How Kenneth Walker III ignited Michigan State’s rebuild as 2021’s greatest transfer success story


For Michigan State running back Kennth Walker III, competing for the Heisman Trophy was once a distant dream. Holding only three FBS offers coming out of Arlington High School in Tennessee, Walker was regarded as the No. 2,164 recruit in the class of 2019, according to 247Sports, when he committed to Wake Forest. He wasn’t held in particularly higher regard upon entering the transfer portal last offseason, ranking 79th among transfers heading into 2021. 

But, sometimes, fit matters more than the ranking. From the moment Walker arrived at East Lansing in the spring, the Spartans coaching staff thought he had a chance to be special. 

“I don’t think you ever expect the statistical numbers that he’s had this year,” Spartans running backs coach William Peagler told CBS Sports. “But I did think he was a perfect fit for what we were looking for.”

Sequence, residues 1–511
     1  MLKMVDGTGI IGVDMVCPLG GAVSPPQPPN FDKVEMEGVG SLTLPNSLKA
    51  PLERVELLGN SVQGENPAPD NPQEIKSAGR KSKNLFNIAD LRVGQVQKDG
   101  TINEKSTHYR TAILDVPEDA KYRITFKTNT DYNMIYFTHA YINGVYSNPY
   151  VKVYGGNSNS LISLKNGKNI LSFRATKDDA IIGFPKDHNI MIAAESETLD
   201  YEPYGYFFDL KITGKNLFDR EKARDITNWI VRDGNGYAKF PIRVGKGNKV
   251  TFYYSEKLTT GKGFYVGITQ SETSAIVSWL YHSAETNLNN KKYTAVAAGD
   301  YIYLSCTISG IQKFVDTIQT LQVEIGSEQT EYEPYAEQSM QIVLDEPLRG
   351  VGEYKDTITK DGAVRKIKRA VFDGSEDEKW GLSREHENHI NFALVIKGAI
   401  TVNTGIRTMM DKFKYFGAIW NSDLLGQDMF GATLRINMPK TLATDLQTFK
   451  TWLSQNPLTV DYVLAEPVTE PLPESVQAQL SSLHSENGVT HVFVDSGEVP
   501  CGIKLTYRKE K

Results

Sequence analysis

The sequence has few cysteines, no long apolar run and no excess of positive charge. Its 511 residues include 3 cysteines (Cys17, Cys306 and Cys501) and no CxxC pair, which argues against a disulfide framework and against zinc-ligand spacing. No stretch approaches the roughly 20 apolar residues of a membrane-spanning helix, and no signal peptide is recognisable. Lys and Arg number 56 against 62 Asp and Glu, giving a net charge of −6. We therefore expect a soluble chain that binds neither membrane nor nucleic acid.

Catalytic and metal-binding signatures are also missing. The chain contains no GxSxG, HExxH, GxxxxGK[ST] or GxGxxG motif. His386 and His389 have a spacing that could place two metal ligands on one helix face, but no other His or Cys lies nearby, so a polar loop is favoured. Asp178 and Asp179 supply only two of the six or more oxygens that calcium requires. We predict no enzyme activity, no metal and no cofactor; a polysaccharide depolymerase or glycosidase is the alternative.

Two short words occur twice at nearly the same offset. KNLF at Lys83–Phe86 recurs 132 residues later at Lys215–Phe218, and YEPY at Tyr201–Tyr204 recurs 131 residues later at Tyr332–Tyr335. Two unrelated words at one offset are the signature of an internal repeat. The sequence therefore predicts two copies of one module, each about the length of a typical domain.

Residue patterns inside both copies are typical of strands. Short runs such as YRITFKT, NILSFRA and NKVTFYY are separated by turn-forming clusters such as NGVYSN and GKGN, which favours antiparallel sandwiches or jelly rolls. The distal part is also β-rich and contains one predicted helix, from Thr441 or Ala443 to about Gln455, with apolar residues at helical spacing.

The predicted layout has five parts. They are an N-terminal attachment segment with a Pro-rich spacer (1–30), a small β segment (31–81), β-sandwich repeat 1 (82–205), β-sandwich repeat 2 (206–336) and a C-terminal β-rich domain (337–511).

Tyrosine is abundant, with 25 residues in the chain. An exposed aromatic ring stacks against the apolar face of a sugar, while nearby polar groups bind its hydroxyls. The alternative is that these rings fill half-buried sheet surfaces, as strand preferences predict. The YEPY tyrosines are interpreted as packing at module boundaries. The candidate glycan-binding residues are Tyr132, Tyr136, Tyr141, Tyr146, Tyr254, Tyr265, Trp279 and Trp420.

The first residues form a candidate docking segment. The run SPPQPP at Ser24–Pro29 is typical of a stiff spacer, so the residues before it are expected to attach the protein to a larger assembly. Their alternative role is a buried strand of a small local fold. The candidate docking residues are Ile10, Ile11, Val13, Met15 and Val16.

All it took was one play — one carry – for him to prove them right. 

Against Northwestern in the season opener, Michigan State lined up in a tight formation with nine players sitting inside the numbers, clearly telegraphing a run. Instead of rushing into the mass of defenders in front of him, Walker swerved as though controlled by a joystick, sidestepped a tackle and flew down the sideline for a 75-yard touchdown — the first by a MSU running back since Nov. 9, 2019. 

Against all odds, Walker has been unquestionably the best transfer addition of 2021 college football season and the face of No. 8 Michigan State’s instant rebuild under second-year coach Mel Tucker. Heading into Week 9, Walker ranks second nationally with 997 yards rushing, trailing only Syracuse‘s Sean Tucker, who has played an additional game. He’s notched 200-yard games against both Northwestern and Rutgers, and ran for a school-record 94-yard score against the Scarlet Knights in a 31-13 victory earlier in October.

Walker now has the sixth-best Heisman odds (+1800), according to Caesars Sportsbook,

“In high school, I watched Heisman winners, but being in this position, it’s a blessing,” Walker said. “I don’t even know how to explain it … you dream of it.”